Scientists warn of new ocean pollution threat called ‘plastitar’

Some of them are sounding the alarm bell now to try to stop the problem from getting worse. (KGO, CALIFORNIA ACADEMY OF SCIENCES, GOOGLE EARTH, NOAA, CNN)
Published: Jun. 15, 2022 at 10:11 AM EDT|Updated: Jun. 15, 2022 at 10:52 AM EDT
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SAN FRANCISCO (KGO) - Scientists are worried two forms of ocean pollution are joining together to form a sort of super pollution.

Some of them are sounding the alarm now to try to stop the problem from getting worse.

For years, environmental groups have warned of the dangers from microplastics reaching San Francisco Bay.

Microscopic fragments often break off from the kinds of plastic trash found washing up on beaches.

Peter Roopnarine with the California Academy of Sciences in San Francisco said taken together, plastics and microplastics present a significant threat to marine life and the coastal environment.

“We’re finding them everywhere. We’re finding them in high concentrations in the open ocean,” Roopnarine said.

But now, researchers believe plastics are combining with a second substance, oil, to create a different form of pollution.

In a small study, a team on the Canary Islands documented dangerous microplastics embedded in oily tar balls created from spills or oil leaking from ships or pipelines.

It’s a combination being dubbed “plastitar.”

Roopnarine said the micro spills are common around the world.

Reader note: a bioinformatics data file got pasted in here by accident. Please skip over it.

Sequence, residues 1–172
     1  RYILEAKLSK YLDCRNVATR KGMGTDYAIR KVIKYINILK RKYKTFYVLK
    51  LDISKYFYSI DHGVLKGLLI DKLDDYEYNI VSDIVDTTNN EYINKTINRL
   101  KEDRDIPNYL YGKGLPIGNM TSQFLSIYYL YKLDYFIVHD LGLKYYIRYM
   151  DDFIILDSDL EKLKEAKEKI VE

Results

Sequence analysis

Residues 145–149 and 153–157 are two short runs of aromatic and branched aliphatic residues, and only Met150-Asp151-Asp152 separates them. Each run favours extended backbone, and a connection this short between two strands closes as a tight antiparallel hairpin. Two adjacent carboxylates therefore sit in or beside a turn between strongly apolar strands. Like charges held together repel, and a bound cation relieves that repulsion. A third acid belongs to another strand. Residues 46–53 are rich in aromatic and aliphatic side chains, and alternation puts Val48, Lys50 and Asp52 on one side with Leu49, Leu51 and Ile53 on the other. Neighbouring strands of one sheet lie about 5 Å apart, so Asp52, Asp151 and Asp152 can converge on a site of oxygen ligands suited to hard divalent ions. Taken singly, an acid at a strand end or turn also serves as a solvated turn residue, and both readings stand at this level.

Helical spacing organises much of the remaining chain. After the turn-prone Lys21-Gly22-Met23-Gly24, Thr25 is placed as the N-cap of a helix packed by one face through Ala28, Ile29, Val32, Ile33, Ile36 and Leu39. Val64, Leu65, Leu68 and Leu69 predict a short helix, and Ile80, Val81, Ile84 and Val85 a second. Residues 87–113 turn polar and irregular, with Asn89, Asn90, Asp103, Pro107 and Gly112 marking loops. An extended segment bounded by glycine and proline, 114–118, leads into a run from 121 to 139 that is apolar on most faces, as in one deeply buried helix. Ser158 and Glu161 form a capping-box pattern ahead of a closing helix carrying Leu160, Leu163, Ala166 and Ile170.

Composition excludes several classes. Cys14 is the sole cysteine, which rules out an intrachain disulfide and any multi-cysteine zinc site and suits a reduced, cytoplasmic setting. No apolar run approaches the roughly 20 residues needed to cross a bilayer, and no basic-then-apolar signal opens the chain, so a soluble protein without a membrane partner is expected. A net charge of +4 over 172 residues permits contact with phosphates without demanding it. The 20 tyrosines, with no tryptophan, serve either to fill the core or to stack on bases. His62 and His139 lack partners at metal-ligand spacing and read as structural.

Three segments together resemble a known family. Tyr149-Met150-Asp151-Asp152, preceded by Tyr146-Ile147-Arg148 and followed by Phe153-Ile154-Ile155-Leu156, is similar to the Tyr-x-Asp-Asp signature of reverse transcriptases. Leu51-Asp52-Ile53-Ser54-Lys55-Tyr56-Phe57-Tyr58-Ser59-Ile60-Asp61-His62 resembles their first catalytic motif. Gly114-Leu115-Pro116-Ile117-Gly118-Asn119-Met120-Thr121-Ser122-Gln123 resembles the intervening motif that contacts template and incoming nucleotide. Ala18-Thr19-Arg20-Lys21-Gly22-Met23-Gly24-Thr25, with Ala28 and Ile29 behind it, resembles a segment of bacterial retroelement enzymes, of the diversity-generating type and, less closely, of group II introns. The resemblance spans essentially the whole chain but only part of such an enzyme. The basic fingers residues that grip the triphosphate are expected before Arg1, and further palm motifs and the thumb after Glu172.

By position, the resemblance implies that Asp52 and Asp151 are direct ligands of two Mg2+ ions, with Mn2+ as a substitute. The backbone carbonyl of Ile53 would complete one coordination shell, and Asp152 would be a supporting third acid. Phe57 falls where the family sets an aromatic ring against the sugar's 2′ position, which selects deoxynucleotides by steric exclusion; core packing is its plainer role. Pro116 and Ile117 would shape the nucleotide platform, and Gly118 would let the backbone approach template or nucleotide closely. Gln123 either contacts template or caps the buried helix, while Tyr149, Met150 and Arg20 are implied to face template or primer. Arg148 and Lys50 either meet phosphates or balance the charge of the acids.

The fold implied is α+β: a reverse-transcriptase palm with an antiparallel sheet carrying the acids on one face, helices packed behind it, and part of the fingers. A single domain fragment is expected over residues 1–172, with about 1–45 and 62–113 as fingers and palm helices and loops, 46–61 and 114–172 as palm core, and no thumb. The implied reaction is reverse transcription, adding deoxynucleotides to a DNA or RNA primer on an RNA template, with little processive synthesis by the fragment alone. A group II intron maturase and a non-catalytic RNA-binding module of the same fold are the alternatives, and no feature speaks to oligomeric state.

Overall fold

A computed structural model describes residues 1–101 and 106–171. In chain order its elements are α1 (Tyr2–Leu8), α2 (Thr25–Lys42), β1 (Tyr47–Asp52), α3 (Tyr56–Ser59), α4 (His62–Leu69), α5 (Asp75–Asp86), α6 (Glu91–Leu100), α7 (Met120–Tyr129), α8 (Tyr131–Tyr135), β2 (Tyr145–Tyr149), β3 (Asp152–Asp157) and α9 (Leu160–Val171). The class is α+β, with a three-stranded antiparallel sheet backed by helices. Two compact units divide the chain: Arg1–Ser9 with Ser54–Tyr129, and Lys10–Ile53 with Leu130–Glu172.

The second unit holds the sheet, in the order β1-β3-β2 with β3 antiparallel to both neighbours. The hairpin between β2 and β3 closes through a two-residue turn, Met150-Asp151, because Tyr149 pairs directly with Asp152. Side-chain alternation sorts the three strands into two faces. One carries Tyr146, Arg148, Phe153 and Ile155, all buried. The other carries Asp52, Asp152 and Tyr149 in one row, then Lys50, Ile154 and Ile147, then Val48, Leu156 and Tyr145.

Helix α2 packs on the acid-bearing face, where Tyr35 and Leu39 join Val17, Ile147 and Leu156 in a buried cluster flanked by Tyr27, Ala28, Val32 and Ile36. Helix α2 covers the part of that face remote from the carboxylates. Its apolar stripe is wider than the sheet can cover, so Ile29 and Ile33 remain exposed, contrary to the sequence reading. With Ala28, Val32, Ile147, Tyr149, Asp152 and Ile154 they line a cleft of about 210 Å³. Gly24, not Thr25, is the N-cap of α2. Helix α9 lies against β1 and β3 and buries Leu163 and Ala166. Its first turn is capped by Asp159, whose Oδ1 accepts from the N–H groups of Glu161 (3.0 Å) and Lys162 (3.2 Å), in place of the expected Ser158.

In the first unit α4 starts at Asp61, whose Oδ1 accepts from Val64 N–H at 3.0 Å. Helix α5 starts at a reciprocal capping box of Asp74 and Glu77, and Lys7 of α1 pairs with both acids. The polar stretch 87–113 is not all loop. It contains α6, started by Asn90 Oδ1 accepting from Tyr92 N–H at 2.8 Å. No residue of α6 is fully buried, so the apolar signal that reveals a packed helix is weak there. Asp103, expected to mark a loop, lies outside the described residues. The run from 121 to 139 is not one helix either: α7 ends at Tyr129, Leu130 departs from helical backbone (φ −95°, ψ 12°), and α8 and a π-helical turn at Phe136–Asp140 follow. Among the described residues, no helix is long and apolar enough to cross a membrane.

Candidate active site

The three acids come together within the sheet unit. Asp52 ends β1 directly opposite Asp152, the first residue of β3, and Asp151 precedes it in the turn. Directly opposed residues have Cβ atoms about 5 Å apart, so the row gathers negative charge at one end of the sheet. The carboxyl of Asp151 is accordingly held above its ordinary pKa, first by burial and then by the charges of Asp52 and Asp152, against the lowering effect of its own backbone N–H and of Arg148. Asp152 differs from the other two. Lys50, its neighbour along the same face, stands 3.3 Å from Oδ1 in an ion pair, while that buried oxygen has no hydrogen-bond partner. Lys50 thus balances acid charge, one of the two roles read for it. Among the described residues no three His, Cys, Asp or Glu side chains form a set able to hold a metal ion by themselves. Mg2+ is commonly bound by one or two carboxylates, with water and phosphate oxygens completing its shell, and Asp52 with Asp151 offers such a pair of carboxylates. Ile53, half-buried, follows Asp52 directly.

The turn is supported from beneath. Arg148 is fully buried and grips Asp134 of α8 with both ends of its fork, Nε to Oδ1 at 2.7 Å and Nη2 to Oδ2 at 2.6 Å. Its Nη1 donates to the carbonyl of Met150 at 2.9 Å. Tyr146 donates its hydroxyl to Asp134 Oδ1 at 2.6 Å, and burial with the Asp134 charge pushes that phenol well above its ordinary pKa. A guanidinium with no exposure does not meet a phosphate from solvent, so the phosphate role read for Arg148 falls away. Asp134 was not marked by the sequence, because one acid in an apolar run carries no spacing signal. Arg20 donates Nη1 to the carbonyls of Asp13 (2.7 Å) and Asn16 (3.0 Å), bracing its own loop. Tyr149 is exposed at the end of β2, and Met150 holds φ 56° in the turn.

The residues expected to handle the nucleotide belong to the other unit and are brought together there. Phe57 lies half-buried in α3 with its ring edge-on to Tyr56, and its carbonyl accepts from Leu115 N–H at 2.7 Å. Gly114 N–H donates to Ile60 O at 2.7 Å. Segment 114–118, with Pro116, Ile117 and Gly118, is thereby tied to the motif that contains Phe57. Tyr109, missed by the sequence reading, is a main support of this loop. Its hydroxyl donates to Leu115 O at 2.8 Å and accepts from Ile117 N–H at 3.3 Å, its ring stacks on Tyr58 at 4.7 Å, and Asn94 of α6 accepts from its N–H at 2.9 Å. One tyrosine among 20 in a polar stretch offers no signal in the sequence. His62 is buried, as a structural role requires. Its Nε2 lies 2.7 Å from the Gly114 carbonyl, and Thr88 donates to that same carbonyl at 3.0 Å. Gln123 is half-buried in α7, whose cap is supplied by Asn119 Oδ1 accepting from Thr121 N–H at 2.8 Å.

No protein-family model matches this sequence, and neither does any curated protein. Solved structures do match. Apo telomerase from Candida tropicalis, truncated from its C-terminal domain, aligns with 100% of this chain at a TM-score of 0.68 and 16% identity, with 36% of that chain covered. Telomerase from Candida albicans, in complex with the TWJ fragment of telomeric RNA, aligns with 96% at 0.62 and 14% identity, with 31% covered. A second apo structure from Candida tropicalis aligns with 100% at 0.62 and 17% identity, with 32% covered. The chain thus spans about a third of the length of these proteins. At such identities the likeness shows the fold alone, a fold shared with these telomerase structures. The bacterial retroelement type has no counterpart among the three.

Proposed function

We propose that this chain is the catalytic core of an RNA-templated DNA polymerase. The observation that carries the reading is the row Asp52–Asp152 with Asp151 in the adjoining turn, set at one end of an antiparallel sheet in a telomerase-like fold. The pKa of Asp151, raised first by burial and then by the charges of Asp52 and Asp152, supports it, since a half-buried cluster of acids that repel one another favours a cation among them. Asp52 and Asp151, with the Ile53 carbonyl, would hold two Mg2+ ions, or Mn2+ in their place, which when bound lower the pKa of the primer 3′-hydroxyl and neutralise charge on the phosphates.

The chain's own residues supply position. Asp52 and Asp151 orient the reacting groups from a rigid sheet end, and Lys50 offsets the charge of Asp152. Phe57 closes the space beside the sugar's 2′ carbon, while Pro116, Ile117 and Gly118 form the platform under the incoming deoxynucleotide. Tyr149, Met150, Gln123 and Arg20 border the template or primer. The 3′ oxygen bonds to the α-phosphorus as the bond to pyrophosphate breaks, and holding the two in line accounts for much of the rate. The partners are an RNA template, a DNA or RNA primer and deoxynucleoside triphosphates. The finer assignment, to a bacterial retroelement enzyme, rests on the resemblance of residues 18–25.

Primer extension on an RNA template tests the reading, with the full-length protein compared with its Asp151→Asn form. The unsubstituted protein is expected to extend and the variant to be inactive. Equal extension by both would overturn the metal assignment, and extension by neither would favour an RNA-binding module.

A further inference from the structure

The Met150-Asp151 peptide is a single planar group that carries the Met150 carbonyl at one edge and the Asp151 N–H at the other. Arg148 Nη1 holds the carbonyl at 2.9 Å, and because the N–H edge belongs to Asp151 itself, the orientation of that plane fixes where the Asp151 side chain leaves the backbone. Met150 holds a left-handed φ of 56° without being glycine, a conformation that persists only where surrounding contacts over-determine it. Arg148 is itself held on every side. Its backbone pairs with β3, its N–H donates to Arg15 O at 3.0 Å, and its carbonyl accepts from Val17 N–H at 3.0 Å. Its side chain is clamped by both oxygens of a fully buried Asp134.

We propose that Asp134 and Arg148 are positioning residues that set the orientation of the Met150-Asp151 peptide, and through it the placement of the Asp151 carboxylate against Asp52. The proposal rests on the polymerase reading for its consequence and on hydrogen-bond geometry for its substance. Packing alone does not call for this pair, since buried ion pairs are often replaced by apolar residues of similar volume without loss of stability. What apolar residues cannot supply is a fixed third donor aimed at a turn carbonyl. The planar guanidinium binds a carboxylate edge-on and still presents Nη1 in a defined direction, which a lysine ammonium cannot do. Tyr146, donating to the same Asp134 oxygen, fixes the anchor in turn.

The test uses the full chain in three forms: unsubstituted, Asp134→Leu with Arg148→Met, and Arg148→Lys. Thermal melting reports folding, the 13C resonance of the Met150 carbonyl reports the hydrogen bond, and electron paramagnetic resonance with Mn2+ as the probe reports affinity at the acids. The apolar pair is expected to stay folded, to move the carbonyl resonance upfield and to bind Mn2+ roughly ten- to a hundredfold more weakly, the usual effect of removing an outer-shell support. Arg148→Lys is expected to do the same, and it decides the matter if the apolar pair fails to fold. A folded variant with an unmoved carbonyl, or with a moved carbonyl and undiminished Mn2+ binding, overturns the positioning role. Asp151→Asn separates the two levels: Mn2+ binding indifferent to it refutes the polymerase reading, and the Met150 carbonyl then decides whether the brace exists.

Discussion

“So anything that any process that can aggregate these small particles, which we know dense petroleum can, is going to aggregate microplastics,” Roopnarine said.

One concern is that once the fragments are embedded on a beach or coastline, they could degrade even further, finding their way into the food chain and marine environment.

“So we have a lot of ships coming and going. And they’re coming and going through some of the most biodiverse waters in the world,” Jennifer Stack said. “So we are always looking to how to best take care of these waters to prevent oil spills from happening.”

Stack is with the Greater Farallones and Cordell Bank National Marine Sanctuaries. The group organizes volunteers who routinely monitor the Bay Area coastline for signs of spilled oil that could threaten wildlife.

So far, researchers say it’s unclear if the “plastitar” phenomenon is limited to the Canary Islands or how widespread it may be.

But they said it could be viewed as a red flag for the dual threat to the oceans from microplastics and industrial pollution.

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